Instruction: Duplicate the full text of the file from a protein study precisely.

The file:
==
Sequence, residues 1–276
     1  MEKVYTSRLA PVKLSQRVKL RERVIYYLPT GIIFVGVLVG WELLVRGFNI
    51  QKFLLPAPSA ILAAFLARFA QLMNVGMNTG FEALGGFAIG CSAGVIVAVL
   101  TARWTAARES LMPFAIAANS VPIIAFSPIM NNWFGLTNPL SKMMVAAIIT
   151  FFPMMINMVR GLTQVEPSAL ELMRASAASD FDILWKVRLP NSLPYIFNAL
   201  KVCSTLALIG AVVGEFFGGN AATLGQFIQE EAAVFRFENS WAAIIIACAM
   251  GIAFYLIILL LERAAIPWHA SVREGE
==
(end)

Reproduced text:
Sequence, residues 1–276
     1  MEKVYTSRLA PVKLSQRVKL RERVIYYLPT GIIFVGVLVG WELLVRGFNI
    51  QKFLLPAPSA ILAAFLARFA QLMNVGMNTG FEALGGFAIG CSAGVIVAVL
   101  TARWTAARES LMPFAIAANS VPIIAFSPIM NNWFGLTNPL SKMMVAAIIT
   151  FFPMMINMVR GLTQVEPSAL ELMRASAASD FDILWKVRLP NSLPYIFNAL
   201  KVCSTLALIG AVVGEFFGGN AATLGQFIQE EAAVFRFENS WAAIIIACAM
   251  GIAFYLIILL LERAAIPWHA SVREGE